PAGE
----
American Computer Experience, the company that runs computer camps at universities around the country, shut its doors abruptly on Friday afternoon, leaving students, parents and staff scratching their heads. The ACE website has shut down, and company representatives could not be reached by phone. A recording at 1-800-FUN-4-ACE explained:
“American Computer Experience is going out of business immediately. All ACE computer camp locations are cancelled effective immediately. ACE has experienced cash-flow problems and may file for bankruptcy. Families cannot expect that ACE will take custody and care of your children. We apologize for this inconvenience.”
“Obviously the people that have paid for the next two weeks are upset,” said Sue Nunan, director of conferences at Stanford University in California, one of the campuses where ACE leases space to run their programs. “We were as surprised as the parents were with the situation.”
According to data from 2000, a week at ACE computer camps normally costs up to $895. Camps are designed for boys and girls, ages seven through 16.
“We’ve had conferences here for 40 years and we’ve never had anything like this happen,” Nunan said.
Nunan said that ACE had run computer camps at Stanford for the past six years and had always paid its bills on time.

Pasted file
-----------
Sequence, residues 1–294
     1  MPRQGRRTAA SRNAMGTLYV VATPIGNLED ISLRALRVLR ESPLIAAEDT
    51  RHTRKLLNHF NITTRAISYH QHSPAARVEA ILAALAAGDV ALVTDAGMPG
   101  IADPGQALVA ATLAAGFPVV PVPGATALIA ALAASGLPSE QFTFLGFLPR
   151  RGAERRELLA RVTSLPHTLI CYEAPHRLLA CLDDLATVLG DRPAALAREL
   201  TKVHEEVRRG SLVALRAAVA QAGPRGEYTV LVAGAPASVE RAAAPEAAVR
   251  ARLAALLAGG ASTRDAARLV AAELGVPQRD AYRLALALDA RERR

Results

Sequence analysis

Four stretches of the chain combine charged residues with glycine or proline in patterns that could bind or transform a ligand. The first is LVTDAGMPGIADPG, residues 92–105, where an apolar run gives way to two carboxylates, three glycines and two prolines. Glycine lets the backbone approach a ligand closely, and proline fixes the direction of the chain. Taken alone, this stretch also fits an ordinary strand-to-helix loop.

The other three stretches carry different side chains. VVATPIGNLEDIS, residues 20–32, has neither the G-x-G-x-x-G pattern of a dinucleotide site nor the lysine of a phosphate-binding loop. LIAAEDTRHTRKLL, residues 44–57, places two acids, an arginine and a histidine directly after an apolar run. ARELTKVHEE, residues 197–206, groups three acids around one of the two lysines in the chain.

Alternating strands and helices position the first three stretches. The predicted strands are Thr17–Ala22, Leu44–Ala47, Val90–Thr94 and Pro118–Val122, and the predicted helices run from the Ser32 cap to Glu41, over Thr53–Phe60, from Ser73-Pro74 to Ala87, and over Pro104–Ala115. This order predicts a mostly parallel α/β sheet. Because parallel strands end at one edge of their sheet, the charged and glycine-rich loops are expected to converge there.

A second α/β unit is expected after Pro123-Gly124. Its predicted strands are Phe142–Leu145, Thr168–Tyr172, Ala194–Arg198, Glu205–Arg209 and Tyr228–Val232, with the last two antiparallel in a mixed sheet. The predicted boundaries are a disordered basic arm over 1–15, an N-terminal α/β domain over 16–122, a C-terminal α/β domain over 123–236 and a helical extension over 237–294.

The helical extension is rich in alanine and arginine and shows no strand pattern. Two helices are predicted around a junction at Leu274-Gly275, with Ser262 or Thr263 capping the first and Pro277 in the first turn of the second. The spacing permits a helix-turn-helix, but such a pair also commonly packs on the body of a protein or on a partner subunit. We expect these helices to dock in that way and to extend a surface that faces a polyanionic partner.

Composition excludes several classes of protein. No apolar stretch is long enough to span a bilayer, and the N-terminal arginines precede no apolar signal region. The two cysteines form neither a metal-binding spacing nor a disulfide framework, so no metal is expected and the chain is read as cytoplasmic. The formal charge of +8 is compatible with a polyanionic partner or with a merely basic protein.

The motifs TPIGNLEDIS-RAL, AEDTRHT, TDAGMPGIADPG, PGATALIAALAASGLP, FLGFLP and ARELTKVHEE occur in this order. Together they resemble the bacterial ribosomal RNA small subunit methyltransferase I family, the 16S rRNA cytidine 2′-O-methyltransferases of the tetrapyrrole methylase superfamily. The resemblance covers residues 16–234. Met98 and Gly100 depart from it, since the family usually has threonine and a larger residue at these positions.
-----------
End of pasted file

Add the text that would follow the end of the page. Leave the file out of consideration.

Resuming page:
“They must have been in a really serious financial situation because they didn’t even make their final payroll for their staff,” she said.
“Some of the ACE staff were still there and they looked a little bewildered – a little shell-shocked,” said Allan Chen, business manager for academic computing at Stanford. “I didn’t talk with them a whole lot because it didn’t seem very appropriate. They didn’t seem to be in the mood for chit-chat.”
He witnessed the aftermath firsthand at around 6 p.m. on Friday when Electro Rent trucks pulled up and loaded up computer equipment.
ACE notified Stanford, and parents, of the camp’s closing on Friday about noon Pacific Daylight Time.
“My understanding was that they were planning on being bought out,” Nunan said. ACE “had a letter of intent from this organization (and they) were supposed to take over the company and then pulled out,” she said.
Nunan said that a company representative told her that they planned to file for Chapter 7 bankruptcy on Monday. Chapter 7 usually involves liquidation of all assets.
Chen worked as a teacher at an ACE camp at Stanford in 1998 and served as the academic director for the Teaneck, New Jersey, ACE camp in 1999.
He said the company had experienced explosive growth when he was an employee, expanding from about 20 camps in 1998 to over 80 camps in 1999 and 2000.
“When I was applying for a job (in 1999), I noticed that they were all over the place,” Chen said. “It was very ambitious.”
In 2000, ACE introduced eight week-long “girls-only” computer camps in an effort to encourage more girls to pursue careers in computing.